Kerry Walters, a professor of philosophy at Gettysburg College and author of several books on the Founding Fathers and religion, takes the religious right to task for their false claim that America was founded as a Christian nation. that’s a good thing, of course, but unfortunately he gets some of the details wrong himself.
He’s absolutely right to criticize the Christian nation apologists for their focus on the Puritans, whose theocratic communities could hardly be more opposite the ideas enshrined in the Constitution. That’s why their constant quoting of the Mayflower compact and early colonial charters is not just pointless but is strong evidence against their position. But then there’s this:
The problem, as scholar after scholar has pointed out — how often must it be repeated before the reality breaks through the myth? — is that it simply isn’t true. The Founding Fathers weren’t all Christian. Some, of course, were: Patrick Henry (Episcopalian), John Hancock (Congregationalist), John Jay (Episcopalian), and Sam Adams (Congregationalist), for example, were all devout and pretty conventional Christians. But the big players in the founding of the United States — such men as Benjamin Franklin, Thomas Paine, George Washington, Thomas Jefferson, James Madison, John Adams, and probably Alexander Hamilton — weren’t. Each of them was much more comfortable with a deistic understanding of God than a Christian one. For them, the deity was an impersonal First Cause who created a rationally patterned natural order and who was best worshiped through the exercise of reason and virtue. Most of them may have admired the ethical teachings of Jesus (although Paine conspicuously did not), but all of them loathed and rejected the priestcraft and superstition they associated with Christianity.
There are two mistakes here. First, most of those men did not believe in an “impersonal First Cause,” a deistic god who set the universe in motion and then never intervened. Ben Franklin, for example, while he did not accept the divinity of Jesus and was thus not a Christian, did believe in a provident God who gave us punishment or reward in the afterlife. From his famous letter to Ezra Stiles:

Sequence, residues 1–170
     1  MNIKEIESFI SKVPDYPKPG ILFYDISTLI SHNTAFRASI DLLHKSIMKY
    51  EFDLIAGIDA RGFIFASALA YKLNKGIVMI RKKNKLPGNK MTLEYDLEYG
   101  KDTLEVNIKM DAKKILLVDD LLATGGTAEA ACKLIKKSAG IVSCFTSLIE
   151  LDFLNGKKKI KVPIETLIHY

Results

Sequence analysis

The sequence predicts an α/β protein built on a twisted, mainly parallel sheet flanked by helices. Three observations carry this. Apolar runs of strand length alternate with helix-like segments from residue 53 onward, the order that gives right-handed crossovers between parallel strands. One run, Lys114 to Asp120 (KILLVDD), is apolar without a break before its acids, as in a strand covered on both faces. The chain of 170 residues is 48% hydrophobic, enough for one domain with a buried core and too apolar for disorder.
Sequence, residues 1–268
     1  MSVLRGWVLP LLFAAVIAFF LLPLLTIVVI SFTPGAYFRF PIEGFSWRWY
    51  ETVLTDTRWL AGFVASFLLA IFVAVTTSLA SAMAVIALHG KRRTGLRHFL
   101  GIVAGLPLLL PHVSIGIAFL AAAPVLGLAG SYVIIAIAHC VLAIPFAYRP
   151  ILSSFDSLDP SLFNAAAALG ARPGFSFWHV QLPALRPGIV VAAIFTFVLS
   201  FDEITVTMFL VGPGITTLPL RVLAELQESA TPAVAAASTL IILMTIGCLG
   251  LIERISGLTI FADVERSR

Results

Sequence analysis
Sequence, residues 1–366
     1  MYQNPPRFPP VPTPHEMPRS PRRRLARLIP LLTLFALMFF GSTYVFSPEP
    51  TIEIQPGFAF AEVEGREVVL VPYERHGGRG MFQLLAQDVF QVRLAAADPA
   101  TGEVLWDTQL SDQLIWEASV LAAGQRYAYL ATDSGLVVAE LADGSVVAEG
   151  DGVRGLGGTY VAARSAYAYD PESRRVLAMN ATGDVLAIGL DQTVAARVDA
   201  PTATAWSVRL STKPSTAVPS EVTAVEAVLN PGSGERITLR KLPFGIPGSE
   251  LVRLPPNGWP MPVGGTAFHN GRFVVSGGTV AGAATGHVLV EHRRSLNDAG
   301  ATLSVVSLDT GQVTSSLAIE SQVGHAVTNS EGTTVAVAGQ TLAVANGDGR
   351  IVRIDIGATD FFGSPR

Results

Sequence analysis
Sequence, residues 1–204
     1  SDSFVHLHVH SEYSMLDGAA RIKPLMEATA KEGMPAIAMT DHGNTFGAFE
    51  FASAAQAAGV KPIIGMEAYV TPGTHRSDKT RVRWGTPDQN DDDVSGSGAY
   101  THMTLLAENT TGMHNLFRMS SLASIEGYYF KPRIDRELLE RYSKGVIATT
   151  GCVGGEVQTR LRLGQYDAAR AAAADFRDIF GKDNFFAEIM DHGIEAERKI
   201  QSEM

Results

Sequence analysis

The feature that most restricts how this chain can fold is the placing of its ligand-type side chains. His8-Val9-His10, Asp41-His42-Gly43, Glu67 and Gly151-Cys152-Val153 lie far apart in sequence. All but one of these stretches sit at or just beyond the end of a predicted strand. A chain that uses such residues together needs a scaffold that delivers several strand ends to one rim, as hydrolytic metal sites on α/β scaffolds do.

Jefferson also did not believe in a distant, watchmaker deity. He famously wrote in his Notes on Virginia:
Here is my Creed: I believe in one God, Creator of the Universe. That He governs it by his Providence. That he ought to be worshipped. That the most acceptable Service we can render to him, is doing Good to his other Children. That the Soul of Man is immortal, and will be treated with Justice in another Life respecting its Conduct in this.
“Can the liberties of a nation be thought secure when we have removed their only firm basis, a conviction in the minds of the people that these liberties are of the gift of God? That they are not to be violated but with his wrath? Indeed, I tremble for my country when I reflect that God is just; that his justice cannot sleep forever; that considering numbers, nature and natural means only, a revolution of the wheel of fortune, an exchange of situation is among possible events; that it may become probable by supernatural interference! The Almighty has no attribute which can take side with us in such a contest.
Clearly someone who thinks God can and may well exact justice on us by supernatural interference does not believe in the non-intervening deistic god. Washington likewise believed firmly in a personal, provident God. Madison wrote very little on the subject and Hamilton started out as a theistic rationalist but converted to Christianity later in life.
The second mistake is the claim that Thomas Paine “conspicuously” did not “admire the ethical teachings of Jesus.” This is a particularly baffling claim to hear from someone who has actually edited a critical edition of Paine’s Age of Reason. In the very first chapter of that book, in fact, Paine conspicuously expresses his admiration for the ethical teachings of Jesus:
NOTHING that is here said can apply, even with the most distant disrespect, to the real character of Jesus Christ. He was a virtuous and an amiable man. The morality that he preached and practiced was of the most benevolent kind; and though similar systems of morality had been preached by Confucius, and by some of the Greek philosophers, many years before, by the Quakers since, and by many good men in all ages, it has not been exceeded by any.
It is important to be accurate in such discussions. There are many falsehoods offered by the Christian nation crowd and it is important that we counter them, but the only rational way to do so is to avoid offering falsehoods ourselves.